Continue reading “Deep Learning Specialization on Coursera”

Street View Image Segmentation with PyTorch and Facebook Detectron2 (CPU+GPU)

In this post, I would like to share my practice with Facebook’s new Detectron2 package on macOS without GPU support for street view panoptic segmentation.  If you want to create the following video by yourself, this post is all you need. This demo video clip is from my car’s dashcam footages from Preston, Melbourne. I used the PyTorch and Detectron2 to create this video with segmentation masks.

Continue reading “Street View Image Segmentation with PyTorch and Facebook Detectron2 (CPU+GPU)”

Roads from Above: Augmenting Civil Engineering & Geospatial Workflows with Machine Learning

Road from Above is partly based on my Australia Postgraduate Intern Projects (Computer Vision and Machine Learning for Feature Extraction) within Aureon Group in Melbourne.

Aurecon’s experts, across Cape Town, Melbourne and Auckland offices, have been teamed up to develop and test approaches that capture and validate new and existing measurements of the metropolitan road network. Due to the confidentiality, we reduced the resolutions of the aerial images and only opened limited results on the public domain at https://roadsfromabove.netlify.com/. Thanks to Greg More, the design of this website got the best feedback from the workshop (Visualization for AI Explainability) of the IEEE VIS 2018 conference in Berlin, Germany

Visualization for AI Explainability: Projections and Dimensionality Reduction. The goal of this workshop is to initiate a call for “explainable” that explain how AI techniques work using visualizations. We believe the VIS community can leverage their expertise in creating visual narratives to bring new insight into the often obfuscated complexity of AI systems.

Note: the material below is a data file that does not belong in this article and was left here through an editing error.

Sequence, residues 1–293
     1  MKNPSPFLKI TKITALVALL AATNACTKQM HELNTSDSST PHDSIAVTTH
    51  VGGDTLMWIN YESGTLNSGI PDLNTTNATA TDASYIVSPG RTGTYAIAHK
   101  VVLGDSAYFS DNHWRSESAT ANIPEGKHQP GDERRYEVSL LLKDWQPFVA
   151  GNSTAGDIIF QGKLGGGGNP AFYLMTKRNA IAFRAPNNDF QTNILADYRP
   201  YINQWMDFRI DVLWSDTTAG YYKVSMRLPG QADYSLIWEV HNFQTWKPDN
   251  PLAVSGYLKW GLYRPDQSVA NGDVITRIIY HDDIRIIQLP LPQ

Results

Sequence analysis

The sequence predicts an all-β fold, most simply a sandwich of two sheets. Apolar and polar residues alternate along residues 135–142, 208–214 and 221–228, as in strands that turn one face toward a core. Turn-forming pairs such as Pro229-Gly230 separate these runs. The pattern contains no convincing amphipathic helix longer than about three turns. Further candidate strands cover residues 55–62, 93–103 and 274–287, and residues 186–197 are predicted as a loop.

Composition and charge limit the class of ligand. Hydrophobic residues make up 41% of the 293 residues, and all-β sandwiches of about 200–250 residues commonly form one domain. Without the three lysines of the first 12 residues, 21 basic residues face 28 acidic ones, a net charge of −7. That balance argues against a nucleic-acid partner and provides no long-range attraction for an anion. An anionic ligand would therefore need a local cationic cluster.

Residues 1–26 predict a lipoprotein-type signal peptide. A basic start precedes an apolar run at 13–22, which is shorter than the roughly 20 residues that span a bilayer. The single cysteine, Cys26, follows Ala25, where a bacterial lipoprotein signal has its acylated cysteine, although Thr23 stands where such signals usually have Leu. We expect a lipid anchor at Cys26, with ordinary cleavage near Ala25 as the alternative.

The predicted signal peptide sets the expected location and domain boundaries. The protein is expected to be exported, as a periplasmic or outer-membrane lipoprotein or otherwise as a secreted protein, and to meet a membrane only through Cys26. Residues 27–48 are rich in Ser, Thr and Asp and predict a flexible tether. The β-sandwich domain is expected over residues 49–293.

Road from Above

Continue reading “Roads from Above: Augmenting Civil Engineering & Geospatial Workflows with Machine Learning”

MacOS X: Installing TensorFlow from Sources [TF Binary Attached]

When I am using TensorFlow on my MacBook Air, I always get annoyed by the warnings comes from nowhere, so I followed the documentation below to build TensorFlow sources into a TensorFlow binary and installed it successfully.  In theory, this will make the TF running faster on my machine.

Here is the document:

If you are a Mac user, you could download the TF binary from here:

Then, you could use conda to initialize an environment with Python=3.6 and install TF by typing:

sudo pip install tensorflow-1.8.0-py2-none-any.whl

Continue reading “MacOS X: Installing TensorFlow from Sources [TF Binary Attached]”

QR Code Detector with Webcam (Python / OpenCV / Pyzbar)

This project is forked from zbar library, I added some modifications, so the webcam can be used as an image reader to detect QR and Barcodes.

code128_1

Continue reading “QR Code Detector with Webcam (Python / OpenCV / Pyzbar)”